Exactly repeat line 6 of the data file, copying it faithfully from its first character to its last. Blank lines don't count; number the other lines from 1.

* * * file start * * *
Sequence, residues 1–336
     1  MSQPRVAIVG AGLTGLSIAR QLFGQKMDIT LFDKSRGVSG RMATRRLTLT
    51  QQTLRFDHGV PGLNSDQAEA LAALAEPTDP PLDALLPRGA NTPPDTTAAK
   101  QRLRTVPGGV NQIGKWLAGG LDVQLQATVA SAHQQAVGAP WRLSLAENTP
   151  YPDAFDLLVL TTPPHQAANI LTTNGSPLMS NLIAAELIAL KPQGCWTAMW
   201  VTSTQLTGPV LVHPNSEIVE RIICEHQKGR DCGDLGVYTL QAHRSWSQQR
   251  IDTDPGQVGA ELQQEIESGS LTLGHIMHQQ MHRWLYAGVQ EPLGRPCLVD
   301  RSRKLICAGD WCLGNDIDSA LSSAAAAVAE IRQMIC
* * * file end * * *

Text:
   201  VTSTQLTGPV LVHPNSEIVE RIICEHQKGR DCGDLGVYTL QAHRSWSQQR